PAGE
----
Too many numbers.. : LUSENET : TimeBomb 2000 (Y2000) : One Thread

From Information Week {for educational purposes only}

March 15, 1999, Issue: 725 Section: Top Of The Week

Updates On Y2K Status

It's hard to stay current on the year 2000 status of software and hardware products. Between November and January, the status changed for 417 products, and significant updates were made for another 1,000, says Infoliant Corp., which has a database on year 2000 product compliance. Infoliant said last week that 188 products lost their compliant status, while 128 noncompliant products were made compliant. More than 67% of the 30,000 products in the database are considered compliant.

-- Mike Lang (, March 14, 1999




-- Mike Lang (, March 14, 1999.


Two comments. 1) More products LOST compliant status than gained it. 2) 67% with 9.5 months to go. <:)=

-- Sysman (, March 14, 1999.

Note that 33% of the noncompliant products have to be fixed and shipped to customers and installed and checked out; all in nine and one half months. Could be a miscarriage coming.

-- Tomcat (, March 14, 1999.


Oh no not miscarriage just when the Whitehouse got a little bit pregnant a few days ago.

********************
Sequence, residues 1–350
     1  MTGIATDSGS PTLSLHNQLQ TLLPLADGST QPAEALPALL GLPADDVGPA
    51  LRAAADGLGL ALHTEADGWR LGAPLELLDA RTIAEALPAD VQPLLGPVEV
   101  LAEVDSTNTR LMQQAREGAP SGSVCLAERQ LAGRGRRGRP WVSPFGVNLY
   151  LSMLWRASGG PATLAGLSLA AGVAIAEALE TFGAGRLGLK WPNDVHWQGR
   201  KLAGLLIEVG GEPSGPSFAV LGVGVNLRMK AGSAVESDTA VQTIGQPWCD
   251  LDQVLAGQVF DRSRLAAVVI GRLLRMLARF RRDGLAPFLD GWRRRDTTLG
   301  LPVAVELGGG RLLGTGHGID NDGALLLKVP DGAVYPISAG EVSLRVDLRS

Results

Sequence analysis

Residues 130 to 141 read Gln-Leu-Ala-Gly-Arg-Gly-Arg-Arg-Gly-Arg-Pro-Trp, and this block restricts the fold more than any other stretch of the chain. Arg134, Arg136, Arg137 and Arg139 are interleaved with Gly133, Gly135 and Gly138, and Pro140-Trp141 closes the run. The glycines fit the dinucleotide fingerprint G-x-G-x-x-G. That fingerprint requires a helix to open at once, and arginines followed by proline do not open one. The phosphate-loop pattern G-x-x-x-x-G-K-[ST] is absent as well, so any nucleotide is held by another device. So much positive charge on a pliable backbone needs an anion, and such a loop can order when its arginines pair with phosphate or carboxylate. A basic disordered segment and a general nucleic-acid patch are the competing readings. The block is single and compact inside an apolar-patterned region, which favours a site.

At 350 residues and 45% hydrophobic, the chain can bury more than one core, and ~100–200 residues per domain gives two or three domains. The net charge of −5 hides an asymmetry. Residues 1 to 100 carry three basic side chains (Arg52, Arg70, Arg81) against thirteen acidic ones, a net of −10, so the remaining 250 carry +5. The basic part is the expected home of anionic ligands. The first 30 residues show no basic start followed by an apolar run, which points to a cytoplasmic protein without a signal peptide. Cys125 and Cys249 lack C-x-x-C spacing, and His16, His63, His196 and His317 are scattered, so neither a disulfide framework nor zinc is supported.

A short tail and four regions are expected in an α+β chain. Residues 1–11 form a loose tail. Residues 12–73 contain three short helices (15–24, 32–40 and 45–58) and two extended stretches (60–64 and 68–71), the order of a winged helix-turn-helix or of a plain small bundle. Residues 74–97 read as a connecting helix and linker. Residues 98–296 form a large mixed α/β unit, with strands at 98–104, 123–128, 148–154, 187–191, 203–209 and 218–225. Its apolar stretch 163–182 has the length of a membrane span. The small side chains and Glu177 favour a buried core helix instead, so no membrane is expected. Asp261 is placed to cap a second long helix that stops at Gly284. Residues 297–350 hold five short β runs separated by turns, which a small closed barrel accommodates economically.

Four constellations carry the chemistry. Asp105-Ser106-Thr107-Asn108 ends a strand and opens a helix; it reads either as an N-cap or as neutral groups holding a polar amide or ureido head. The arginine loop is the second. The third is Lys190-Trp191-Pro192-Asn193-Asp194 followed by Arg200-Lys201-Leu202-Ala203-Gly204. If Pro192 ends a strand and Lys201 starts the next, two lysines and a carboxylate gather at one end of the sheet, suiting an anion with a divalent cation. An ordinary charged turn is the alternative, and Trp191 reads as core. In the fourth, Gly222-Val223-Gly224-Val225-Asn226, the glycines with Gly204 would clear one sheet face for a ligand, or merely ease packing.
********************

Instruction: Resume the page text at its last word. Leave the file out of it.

Please recind your notion soon.


-- Watchful (, March 14, 1999.

Sysman -

This also indicates that 188 products were tested 'again" by the consumers - who found that they failed - *after* their company already certified and released them for use as "compliant".

Doesn't indicate the real degree of two very, very troubling trends:

Testing is very slipshod by the venders.

Certified Compliant by the vender doesn't mean it will really work when you as a customer really need it.

Second though - 1000 updates changes in two and one half months (over Christmas) and 417 changes - butweren't we told only last summer that this Y2K thing was only "affecting a few customized maniframe programs" running COBOL applications?

Turn up the pessimisum scale one notch.

-- Robert A. Cook, P.E. (Kennesaw, GA) (, March 14, 1999.

I hear ya Robert. COBOL huh. Our shop is about 60% ASSEMBLY & we're in deep dodo. If the guys that make a living SELLING software can't do it, how is the average data center doing? Care to discuss the testing issue with embedded systems? Maybe 2 notches. <:)=

-- Sysman (, March 14, 1999.

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